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  10. I'm so excited to have found your post! Never knew I could preserve garlic like this and can't wait to try it. I use a ton of garlic in my cooking and find it a pain to always peel the garlic. Can't wait to get a bunch canned and also can't wait to try this method for peeling garlic. My jaw dropped when I watched the video. Thanks so much for sharing.

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  11. Good one. I can't be without my garlic. Thanks

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  12. Oh my, thanks for the Garlic Video, amazing how all the papers come off the Garlic!
    Terry Devine aka sunnywolfgar

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  13. How many minutes do you do the water bath, and do they turn to mush after the water bath?

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    1. The water bath doesn't affect the texture at all. They are in the water less than 5 minutes, or however long it takes me to rub the majority of the dirt off with my fingertips.

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    2. She's not talking about the cleaning, Mary. She's talking about a water bath canner, which shouldn't make it mushy, but wonder how long it needs to stay in canner?

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  14. So I followed the instructions as written, and for some reason...my garlic turned a greenish blue in some spots?! I have no idea how this happened! Did I just ruin a batch of garlic? :/ Have you encountered this before?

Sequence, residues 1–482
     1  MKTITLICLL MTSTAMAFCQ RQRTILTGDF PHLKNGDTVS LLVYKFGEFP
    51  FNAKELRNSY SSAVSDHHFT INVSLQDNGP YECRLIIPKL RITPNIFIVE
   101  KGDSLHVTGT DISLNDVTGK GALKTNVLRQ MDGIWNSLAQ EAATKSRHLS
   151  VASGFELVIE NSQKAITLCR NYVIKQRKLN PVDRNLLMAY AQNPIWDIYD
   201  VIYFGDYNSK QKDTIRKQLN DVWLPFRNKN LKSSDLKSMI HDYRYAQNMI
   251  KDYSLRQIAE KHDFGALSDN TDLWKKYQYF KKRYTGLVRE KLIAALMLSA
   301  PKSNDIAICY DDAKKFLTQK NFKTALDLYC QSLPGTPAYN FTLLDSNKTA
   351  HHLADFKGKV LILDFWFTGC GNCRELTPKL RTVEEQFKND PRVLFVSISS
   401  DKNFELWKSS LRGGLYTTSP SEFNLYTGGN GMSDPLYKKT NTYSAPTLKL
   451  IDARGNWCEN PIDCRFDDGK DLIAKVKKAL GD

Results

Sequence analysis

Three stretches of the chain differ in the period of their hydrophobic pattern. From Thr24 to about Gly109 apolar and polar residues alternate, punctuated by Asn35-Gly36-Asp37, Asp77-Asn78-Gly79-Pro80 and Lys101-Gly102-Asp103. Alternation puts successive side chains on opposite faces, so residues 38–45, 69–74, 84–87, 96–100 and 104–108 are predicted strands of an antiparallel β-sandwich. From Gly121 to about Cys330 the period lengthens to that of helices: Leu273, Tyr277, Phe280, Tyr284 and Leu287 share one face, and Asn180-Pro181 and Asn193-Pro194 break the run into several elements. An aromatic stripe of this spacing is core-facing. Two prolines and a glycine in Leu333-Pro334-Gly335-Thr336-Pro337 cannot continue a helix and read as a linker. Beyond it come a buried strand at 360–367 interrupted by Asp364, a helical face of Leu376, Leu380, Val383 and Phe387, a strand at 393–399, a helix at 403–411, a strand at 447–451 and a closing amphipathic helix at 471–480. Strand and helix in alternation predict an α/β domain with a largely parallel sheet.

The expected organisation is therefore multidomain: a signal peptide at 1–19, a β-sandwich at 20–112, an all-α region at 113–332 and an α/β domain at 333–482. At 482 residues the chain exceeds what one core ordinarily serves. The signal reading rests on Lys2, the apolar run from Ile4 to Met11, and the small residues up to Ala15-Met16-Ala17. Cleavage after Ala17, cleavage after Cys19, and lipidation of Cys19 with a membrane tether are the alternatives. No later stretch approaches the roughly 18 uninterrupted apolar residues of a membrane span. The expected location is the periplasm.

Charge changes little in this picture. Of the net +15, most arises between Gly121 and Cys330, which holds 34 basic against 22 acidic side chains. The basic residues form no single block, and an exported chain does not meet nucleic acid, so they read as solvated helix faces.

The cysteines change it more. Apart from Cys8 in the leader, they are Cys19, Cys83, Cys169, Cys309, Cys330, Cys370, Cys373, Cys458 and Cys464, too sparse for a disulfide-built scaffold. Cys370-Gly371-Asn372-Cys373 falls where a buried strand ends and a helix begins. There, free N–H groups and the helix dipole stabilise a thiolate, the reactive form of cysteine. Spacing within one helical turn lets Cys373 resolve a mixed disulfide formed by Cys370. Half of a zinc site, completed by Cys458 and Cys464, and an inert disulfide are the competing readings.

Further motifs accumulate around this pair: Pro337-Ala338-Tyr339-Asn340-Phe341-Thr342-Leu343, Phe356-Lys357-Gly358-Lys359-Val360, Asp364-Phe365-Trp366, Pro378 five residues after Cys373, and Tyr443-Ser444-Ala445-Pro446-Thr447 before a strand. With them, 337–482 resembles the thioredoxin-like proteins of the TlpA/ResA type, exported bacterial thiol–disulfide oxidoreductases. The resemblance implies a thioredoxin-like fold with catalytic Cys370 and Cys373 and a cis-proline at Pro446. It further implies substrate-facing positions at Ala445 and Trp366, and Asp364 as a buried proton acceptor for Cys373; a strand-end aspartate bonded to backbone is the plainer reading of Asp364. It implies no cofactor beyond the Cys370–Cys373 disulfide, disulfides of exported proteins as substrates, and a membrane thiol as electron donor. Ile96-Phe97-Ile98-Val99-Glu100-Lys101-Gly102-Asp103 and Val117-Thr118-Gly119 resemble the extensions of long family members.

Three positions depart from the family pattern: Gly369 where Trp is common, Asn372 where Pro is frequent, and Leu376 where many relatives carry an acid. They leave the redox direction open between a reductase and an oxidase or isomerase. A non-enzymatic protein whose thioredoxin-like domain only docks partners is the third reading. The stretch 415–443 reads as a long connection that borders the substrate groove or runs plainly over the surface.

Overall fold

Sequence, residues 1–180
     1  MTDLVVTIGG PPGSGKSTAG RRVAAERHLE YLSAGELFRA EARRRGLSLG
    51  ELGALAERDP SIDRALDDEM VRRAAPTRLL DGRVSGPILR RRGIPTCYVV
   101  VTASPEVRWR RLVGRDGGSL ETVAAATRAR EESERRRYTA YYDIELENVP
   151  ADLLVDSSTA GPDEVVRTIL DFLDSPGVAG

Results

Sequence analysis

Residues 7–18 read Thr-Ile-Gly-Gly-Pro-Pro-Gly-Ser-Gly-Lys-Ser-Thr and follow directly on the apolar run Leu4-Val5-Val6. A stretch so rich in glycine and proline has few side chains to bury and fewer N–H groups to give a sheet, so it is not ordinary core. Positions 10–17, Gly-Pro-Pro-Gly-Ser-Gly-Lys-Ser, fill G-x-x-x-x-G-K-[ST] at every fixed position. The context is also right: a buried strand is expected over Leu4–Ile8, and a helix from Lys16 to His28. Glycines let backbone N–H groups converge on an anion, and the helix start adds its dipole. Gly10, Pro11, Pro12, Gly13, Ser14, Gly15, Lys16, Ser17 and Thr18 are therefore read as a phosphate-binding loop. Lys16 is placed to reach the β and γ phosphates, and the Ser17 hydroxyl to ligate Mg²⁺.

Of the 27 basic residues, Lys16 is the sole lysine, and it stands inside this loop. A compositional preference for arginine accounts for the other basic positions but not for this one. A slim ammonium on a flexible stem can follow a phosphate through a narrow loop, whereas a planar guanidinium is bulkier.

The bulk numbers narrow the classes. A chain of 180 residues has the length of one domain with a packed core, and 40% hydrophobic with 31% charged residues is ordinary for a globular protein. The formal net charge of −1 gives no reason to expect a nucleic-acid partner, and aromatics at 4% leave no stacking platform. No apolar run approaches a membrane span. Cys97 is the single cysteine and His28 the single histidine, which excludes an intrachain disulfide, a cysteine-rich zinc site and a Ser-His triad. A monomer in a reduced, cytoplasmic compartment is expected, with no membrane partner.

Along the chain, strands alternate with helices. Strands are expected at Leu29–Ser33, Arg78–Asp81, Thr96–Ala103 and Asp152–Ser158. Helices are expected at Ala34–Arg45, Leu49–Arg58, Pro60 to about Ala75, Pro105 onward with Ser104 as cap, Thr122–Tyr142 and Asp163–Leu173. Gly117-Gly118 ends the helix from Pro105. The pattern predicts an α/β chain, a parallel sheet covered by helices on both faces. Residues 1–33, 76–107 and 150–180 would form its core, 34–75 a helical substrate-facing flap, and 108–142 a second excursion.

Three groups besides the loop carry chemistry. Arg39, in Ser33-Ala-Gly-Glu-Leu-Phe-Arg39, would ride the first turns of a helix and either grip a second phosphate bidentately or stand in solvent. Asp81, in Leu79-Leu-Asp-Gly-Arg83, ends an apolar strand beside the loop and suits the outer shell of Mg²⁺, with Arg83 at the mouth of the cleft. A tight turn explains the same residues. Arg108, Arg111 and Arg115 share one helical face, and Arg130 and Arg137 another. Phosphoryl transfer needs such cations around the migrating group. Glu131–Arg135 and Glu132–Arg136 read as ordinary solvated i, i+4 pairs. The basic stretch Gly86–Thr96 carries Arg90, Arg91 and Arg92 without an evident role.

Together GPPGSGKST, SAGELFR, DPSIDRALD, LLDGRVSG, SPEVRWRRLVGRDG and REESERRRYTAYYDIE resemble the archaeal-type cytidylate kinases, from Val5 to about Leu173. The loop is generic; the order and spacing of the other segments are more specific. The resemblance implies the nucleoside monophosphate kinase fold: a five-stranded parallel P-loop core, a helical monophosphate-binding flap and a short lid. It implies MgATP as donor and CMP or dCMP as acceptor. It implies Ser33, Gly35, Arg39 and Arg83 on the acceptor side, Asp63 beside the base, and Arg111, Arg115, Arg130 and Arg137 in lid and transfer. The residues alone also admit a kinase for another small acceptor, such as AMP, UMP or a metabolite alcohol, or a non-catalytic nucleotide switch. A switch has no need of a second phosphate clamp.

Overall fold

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    1. Updated link is above to answer multiple questions regarding why garlic turns blue. If your garlic does turn blue, it is still safe to eat.

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    2. Whoa! That is crazy haha. Good to know it's still good. Thanks!!

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  15. For shelf storage, how long would you process in a boiling water bath?

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    1. Ball Blue Book recommends 10-15 minutes and the USDA recommends 35 minutes. Just to be on the safe side, I'd probably process it for 35 minutes.

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    2. The processing is only to seal the lids on the jars, and that only takes about ten minutes. I've been canning for years and have never had a problem with only a 10-minute processing.

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  16. Yeah, gotta love the 'peel garlic is less than 10 seconds video,' because I always have 2 huge metal bowls at my disposal!

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    1. No ordinary metal pot with lid in your kitchen, then?

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    2. Just put the head of garlic in a quart jar, put on the lid and shake vigorously. Peels as well (easier in my opinion) as the two bowl method.

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  17. i just peeled 1800 cloves..by hand. A true example of "hind sight is 20-20".

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  18. On the blue garlic thing--if I use garlic from the supermarket in my pickles, it almost always turns blue. If I use the garlic I get from my CSA, no blue. Do you think the freshness has anything to do with it?